Niall Anderson attempts to get his groove on to Damien Chazelle’s Whiplash
“There’s a group of guys that asked me to play. They play gigs for money, pops,” says Sal Mineo meekly in The Gene Krupa Story (1959). Pops Krupa has his son down to enter seminary and thereafter the priesthood, so even this mild rebellion is too much for him. He smashes the young Gene’s drums piece by crashing piece. At the end of the film, Krupa performs his own act of destruction on the kit – only this time it’s in the context of a live performance with the Tommy Dorsey Band. As his performance grows more and more explosive and expressive, Krupa’s wife Ethel can only wonder whether this is Gene finding himself at last or losing himself forever.
There is a lot of The Gene Krupa Story in Damien Chazelle’s debut feature Whiplash. Given the paucity of films about drummers and drumming, this is maybe not surprising. There is the requisite kit-smashing, the mandated mixture of performances that sing and performances that sink, and a general air of macho contention. But there are deeper resonances as well. Both films present music in general – and drumming in particular – as an unholy quest for excellence; a quest above family, above friendship, above sanity and reason. But where the earlier film offers Krupa a shadow vision of himself in the priesthood, Whiplash offers its hero Andrew Neiman (Miles Teller) a starker alternative: excellence or failure.
This choice is presented to Andrew by Terence Fletcher (J.K. Simmons), the hard-nut conductor of a university jazz orchestra. Fletcher first tells Andrew to relax, keep time, and work his way into the feel of the band. Then he stops Andrew as soon as he starts to play. Then the insults begin. Then the violence. Within about fifteen minutes of joining the band, Andrew is trying to keep time while Fletcher literally dismantles the kit as he’s playing it. Soon there’s blood everywhere.
What we’re talking about, basically, is Full Metal Drumsticks. In Kubrick’s film, however, most of the characters were pressed men: their choice was between the prison of army training or an actual military prison. In Whiplash, the door is always open for Andrew to quit. That he doesn’t is supposed to say something about his character, and maybe even the character of his playing, but Whiplash is conveniently coy about the bits of Andrew’s life that don’t take place on the drum-seat.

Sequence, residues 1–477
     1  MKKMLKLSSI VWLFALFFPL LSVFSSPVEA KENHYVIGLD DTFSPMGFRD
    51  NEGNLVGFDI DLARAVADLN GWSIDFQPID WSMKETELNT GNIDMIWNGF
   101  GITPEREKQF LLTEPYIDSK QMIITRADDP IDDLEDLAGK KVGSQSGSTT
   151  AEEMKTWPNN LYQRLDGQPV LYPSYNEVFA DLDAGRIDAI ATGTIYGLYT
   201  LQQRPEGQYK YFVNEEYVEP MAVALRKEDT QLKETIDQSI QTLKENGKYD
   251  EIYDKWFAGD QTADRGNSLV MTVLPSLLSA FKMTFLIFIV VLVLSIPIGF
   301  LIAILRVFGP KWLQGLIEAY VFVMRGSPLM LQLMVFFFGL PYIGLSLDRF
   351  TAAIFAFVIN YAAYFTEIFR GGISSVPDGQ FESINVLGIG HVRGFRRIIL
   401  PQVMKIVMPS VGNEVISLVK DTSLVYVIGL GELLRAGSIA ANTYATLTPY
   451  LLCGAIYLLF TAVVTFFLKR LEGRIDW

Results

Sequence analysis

This makes for a fun movie, but not necessarily a convincing one. The impassive-looking Teller is a fine foil for Simmons’ muscular panto baddie. (Teller is, for one thing, a drummer of ludicrous skill.) And Simmons – a familiar character actor from dozens of films and upscale US TV dramas – seizes his moment in the limelight with exactly the right amount of aplomb. He drives the film without ever getting in the way.
The problem is that there’s nothing else here. Supporting characters are shuffled offstage as soon as they’ve served their structural function; which is to say, at the precise point that they might actually become organic parts of the drama, rather than humanoid scenery. And the film’s attitude to music is, finally, more than a little bit stilted.
The film features a number of ensemble performances, but doesn’t seem at all interested in the idea of ensemble playing. As conductor, Fletcher concentrates almost exclusively on the technical skills and limitations of his players: he drills them in speed; he constantly tests their reaction times; he puts his faith in the idea that if each of his players has a core technical facility, their ensemble performances will turn out right. There is nothing exactly wrong with this philosophy – practice does makes perfect – but it still essentially posits artistic perfection as merely a form of practical omnicompetence. If you can keep a beat while your conductor throws a floor tom at you, you must surely be a better drummer than a guy who can’t, right?
Well, no. What Fletcher misses – and what the film colludes with him in missing – is that musicianship is about listening as much as performing. Accordingly, the ensemble performances in the film are resolutely tight and unbending. Hank Levy’s ‘Whiplash’, given multiple airings here, is – in its recorded form – an odd fusion of smooth funk, Bacharach-style orchestration and almost pedantic rhythmic complexity. The trick to keeping all the styles together is not to overemphasise any one, but rather to drill through each passage until every player reaches the state of ideal relaxation otherwise known as ‘swing’. What Whiplash doesn’t seem to realise is that you can’t swing on your own.
Whiplash is on general release from January 16.